Do you love the idea of building camaraderie and fostering teamwork in your class but aren’t quite sure how to do it? Have you ever thought you would like to assign a group project but were uncertain about how to structure the groups or frame the assignment? Are you sold on the benefits of group assignments, but can’t figure out a fair way to grade them? Bring your questions, your stories of success and failure, and your ideas as we discuss the benefits (and perils) of assigning group work in our classrooms.

March 15 – Ron Barrett (Anthropology), Liz Schneider Bateman and Steph Walters (Laurie Hamre Center for Health & Wellness)
“Mental Health at Macalester”
Join us for an update regarding Macalester student Mental Health, including trends in students seeking services, Health and Wellness Center and wider campus approaches to mental health promotion, and updates on the newly created Mental Health Task Force. We will also engage faculty in a discussion about strategies they can implement toward a goal of student and community well-being.

March 29 – Britt Abel (German and Russian Studies and the Director of Writing
“Talking About Teaching: Diversity, Equity, and Teaching Writing”
How do issues of equity play out in the writing classroom and what can we do to create an equitable writing environment for our students? How might some of the ideas from our Transforming Macalester, Transforming Ourselves apply to the teaching of writing? Join Director of Writing Britt Abel for a discussion (come ready to talk with your colleagues!) followed by some simple tips on how to build equity into your writing instruction.

April 5 – Paul Cantrell (Mathematics, Statistics, and Computer Science)
“Notes from a Team Project Success Story”
Group work can create some of college’s most rewarding experiences, but can also elicit dread from students and professors alike. The Computer Science program has found success with group work in Software Design and Development, a perennially popular course that focuses on semester-long team projects. Paul will walk through the mechanics of the course, and share some of the teaching strategies that help it succeed. He will also talk about the compromises the course’s approach to group work requires, and the pedagogical limits of its approach. There will be demos of student software!  All faculty welcome.  Lunch will be provided.

April 12 – Paul Overvoorde (Associate Dean of Faculty) and Nancy Bostrom (Associate Director of Assessment)
“Rising Sophomore Voices: course choice, major selection’ and their first year experiences”
On Assessment Day in fall 2017, incoming first year students were asked about their definitions and perceptions of the liberal arts, as well as their approach to their time at Macalester. This past August, as these same students entered their Sophomore year, they were asked to reflect on aspects of their first year in college. We’ll share data about what these rising sophomores told us about their first year at Macalester, how they approached choosing courses, and what factors were important for selecting a major and the timing of this declaration. Please join us to share your perspective on what these data tell us about our students.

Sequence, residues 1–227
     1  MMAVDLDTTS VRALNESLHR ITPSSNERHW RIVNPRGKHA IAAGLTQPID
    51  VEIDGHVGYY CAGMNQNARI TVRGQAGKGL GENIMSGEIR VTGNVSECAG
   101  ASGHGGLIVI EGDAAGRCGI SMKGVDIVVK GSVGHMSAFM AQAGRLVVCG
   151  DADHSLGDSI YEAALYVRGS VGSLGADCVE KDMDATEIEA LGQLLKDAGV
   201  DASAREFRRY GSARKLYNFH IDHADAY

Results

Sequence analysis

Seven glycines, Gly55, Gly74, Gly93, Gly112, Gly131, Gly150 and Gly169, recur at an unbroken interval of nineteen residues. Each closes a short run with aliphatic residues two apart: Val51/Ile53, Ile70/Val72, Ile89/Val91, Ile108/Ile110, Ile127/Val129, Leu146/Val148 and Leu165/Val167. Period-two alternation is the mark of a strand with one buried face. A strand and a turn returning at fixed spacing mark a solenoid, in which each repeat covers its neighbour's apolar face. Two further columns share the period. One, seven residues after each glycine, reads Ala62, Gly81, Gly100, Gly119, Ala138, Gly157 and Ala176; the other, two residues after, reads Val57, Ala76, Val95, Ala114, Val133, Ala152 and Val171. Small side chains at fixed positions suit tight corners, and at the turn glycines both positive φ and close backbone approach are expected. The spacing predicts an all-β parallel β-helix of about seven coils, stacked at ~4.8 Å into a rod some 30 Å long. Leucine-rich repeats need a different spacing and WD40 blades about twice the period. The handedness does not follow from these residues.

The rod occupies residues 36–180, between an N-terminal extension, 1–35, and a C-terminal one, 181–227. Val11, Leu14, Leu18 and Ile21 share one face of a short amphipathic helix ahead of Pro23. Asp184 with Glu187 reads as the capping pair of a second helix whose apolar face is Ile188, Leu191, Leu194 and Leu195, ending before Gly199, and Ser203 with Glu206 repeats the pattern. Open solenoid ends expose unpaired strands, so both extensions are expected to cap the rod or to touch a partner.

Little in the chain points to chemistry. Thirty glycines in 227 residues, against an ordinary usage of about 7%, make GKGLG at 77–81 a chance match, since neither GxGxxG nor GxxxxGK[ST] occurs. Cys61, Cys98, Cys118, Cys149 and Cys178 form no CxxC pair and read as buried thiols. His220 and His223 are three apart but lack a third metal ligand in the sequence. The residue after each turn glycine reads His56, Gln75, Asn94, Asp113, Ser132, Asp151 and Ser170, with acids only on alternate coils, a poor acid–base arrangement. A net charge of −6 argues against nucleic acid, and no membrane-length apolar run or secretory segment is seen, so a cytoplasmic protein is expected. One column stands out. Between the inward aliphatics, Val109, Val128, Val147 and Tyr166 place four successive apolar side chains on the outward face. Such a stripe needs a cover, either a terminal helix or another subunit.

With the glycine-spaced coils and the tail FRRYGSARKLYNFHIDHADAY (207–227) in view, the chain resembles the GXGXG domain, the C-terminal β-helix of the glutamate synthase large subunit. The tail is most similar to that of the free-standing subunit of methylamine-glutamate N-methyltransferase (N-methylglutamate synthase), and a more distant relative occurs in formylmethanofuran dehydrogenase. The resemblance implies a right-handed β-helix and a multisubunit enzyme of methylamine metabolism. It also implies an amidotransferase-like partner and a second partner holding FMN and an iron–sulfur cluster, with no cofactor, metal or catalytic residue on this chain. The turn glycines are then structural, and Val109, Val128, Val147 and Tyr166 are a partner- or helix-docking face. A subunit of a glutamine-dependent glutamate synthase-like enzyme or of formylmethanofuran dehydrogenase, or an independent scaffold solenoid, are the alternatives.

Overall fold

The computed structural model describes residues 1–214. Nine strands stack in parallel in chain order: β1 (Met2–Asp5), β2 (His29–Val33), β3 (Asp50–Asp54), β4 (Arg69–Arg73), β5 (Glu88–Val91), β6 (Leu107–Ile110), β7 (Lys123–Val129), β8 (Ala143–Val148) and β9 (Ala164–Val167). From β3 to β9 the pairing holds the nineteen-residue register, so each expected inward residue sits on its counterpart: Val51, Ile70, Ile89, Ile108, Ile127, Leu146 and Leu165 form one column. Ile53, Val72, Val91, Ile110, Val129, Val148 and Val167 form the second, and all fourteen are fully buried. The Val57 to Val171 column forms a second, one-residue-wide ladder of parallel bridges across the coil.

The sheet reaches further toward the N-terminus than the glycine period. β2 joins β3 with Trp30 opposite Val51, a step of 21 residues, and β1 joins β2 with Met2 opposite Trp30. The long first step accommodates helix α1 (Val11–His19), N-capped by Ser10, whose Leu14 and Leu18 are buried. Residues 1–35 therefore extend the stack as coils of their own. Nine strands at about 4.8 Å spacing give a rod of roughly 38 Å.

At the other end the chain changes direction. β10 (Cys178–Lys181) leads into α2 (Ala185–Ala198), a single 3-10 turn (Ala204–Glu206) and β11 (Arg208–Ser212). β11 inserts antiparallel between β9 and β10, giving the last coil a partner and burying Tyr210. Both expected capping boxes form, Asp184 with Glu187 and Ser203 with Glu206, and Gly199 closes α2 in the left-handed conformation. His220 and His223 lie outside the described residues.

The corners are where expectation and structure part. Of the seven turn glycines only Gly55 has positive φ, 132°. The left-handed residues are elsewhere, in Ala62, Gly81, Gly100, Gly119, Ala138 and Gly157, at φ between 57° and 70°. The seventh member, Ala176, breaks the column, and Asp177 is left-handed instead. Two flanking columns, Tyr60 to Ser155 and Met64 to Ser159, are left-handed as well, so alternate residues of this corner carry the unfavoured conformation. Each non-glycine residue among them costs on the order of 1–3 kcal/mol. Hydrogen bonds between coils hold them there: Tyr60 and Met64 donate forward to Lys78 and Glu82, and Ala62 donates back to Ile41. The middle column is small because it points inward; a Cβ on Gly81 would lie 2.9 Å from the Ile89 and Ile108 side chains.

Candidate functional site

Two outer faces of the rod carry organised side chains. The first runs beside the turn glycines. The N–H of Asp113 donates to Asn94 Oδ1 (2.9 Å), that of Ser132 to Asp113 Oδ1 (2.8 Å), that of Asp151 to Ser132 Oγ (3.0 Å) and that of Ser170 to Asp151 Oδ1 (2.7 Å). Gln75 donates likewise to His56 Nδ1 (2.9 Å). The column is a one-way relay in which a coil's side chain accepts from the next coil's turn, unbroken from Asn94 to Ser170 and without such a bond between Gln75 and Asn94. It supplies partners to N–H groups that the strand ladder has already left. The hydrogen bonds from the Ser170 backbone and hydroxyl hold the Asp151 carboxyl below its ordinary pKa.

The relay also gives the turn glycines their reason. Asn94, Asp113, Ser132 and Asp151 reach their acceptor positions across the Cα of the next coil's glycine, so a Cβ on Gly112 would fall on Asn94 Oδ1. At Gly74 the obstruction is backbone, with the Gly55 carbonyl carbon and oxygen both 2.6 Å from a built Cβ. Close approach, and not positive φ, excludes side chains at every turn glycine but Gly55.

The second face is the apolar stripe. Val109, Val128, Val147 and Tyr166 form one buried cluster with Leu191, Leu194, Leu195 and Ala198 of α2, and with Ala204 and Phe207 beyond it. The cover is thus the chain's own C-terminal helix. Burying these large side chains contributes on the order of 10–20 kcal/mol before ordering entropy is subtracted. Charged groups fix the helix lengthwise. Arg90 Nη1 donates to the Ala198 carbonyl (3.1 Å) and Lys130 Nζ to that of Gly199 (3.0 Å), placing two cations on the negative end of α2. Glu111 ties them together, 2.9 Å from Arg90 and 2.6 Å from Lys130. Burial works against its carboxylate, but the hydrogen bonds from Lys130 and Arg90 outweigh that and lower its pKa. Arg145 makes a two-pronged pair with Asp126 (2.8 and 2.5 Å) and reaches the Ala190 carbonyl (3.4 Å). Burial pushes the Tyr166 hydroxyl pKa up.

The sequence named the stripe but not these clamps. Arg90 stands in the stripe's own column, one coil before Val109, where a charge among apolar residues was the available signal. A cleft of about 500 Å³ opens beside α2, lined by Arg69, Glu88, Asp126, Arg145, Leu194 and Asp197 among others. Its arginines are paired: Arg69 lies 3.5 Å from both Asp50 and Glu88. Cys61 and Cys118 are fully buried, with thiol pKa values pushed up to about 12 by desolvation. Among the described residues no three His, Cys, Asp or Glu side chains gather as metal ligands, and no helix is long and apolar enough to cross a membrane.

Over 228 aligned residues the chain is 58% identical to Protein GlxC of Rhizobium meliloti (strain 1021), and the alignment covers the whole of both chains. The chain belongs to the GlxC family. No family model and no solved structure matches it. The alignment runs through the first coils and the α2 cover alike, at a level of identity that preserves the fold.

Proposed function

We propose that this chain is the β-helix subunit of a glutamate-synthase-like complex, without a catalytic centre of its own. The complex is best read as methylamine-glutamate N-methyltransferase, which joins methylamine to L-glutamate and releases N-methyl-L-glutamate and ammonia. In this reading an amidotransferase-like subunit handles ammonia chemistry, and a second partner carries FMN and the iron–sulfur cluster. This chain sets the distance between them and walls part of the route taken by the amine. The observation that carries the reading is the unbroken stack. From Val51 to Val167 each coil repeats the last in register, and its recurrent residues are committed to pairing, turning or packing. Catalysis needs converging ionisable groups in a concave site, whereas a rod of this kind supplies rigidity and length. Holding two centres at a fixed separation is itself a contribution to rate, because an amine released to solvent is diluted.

April 19 – Ernie Capello (History) and Daniel Bryan (Civic Engagement Partner)
“The Machankara Oral History Project: International Civic Engagement in the Andes”
In the fall 2018 semester, Ernie Capello’s History 281 class (The Andes: Landscape and Power), collaborated with two institutions in Ecuador, the Pachaysana Institute and the Casa Machankara, to develop an environmental oral history project.  This session will feature Pachaysana director Daniel Bryan and will present an overview of the project, samples of student work including a children’s book, and, with eyes on the future, share lessons learned related to both obstacles and possibilities of international civic engagement.

April 26 – Devavani Chatterjea (Biology), Olga Gonzalez (Anthropology), Linda Sturtz (History) and Paul Schadewald (Civic Engagement)
“Making Effective Use of Field Trips: A Conversation”
What role can field trips, community visits, and urban engagement play in a liberal arts education? How can you design field trips that are ethical and that meet your course’s learning goals and priorities? How do you prepare students, find sites, and manage logistics? Bring your questions and concerns, your stories of success and failure, and your ideas for a wide-ranging discussion about making effective use of field trips in our courses.

May 3 – Chris Wells (Serie Center)
“The Multi-disciplinary, Team-taught FYC Initiative: An Opening Discussion”
In this Talking about Teaching, Chris Wells will share information about the innovative “round robin” first-year course opportunity that Provost Karine Moe announced in the last faculty meeting. Supported by funding from the new Mellon Making Meaning grant, the goal of this course is to expose first year students to different ways of understanding a common issue or topic from multiple disciplinary perspectives. Three faculty from different divisions will propose a first-year course on the same theme. Over the semester, students will rotate through each faculty member’s section of the course. A course with this format will be offered twice, first in Fall 2020 by one team of faculty, and by another team focused on a different issue or theme in Fall 2021. Please come to learn more about this opportunity and brainstorm ideas for engaging our students–and one another–across disciplines and disciplinary ways of knowing.